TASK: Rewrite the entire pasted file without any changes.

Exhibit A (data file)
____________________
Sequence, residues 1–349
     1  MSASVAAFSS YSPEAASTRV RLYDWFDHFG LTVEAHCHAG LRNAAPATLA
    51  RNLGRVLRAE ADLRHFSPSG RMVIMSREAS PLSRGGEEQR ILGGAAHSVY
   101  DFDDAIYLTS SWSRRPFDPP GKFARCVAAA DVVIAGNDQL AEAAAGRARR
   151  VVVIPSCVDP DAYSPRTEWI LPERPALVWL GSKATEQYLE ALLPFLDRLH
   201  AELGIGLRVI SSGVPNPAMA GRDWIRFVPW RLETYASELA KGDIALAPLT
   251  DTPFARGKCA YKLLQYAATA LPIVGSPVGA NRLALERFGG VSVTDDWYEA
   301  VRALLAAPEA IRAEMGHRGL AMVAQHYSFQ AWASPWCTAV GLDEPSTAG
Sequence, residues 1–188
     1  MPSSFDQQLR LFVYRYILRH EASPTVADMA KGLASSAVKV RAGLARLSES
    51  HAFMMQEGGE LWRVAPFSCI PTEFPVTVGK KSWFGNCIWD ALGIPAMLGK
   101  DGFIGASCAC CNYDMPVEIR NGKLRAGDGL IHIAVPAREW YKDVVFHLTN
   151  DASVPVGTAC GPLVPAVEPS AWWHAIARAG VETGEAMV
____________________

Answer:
Sequence, residues 1–349
     1  MSASVAAFSS YSPEAASTRV RLYDWFDHFG LTVEAHCHAG LRNAAPATLA
    51  RNLGRVLRAE ADLRHFSPSG RMVIMSREAS PLSRGGEEQR ILGGAAHSVY
   101  DFDDAIYLTS SWSRRPFDPP GKFARCVAAA DVVIAGNDQL AEAAAGRARR
   151  VVVIPSCVDP DAYSPRTEWI LPERPALVWL GSKATEQYLE ALLPFLDRLH
   201  AELGIGLRVI SSGVPNPAMA GRDWIRFVPW RLETYASELA KGDIALAPLT
   251  DTPFARGKCA YKLLQYAATA LPIVGSPVGA NRLALERFGG VSVTDDWYEA
   301  VRALLAAPEA IRAEMGHRGL AMVAQHYSFQ AWASPWCTAV GLDEPSTAG
Sequence, residues 1–188
     1  MPSSFDQQLR LFVYRYILRH EASPTVADMA KGLASSAVKV RAGLARLSES
    51  HAFMMQEGGE LWRVAPFSCI PTEFPVTVGK KSWFGNCIWD ALGIPAMLGK
   101  DGFIGASCAC CNYDMPVEIR NGKLRAGDGL IHIAVPAREW YKDVVFHLTN
   151  DASVPVGTAC GPLVPAVEPS AWWHAIARAG VETGEAMV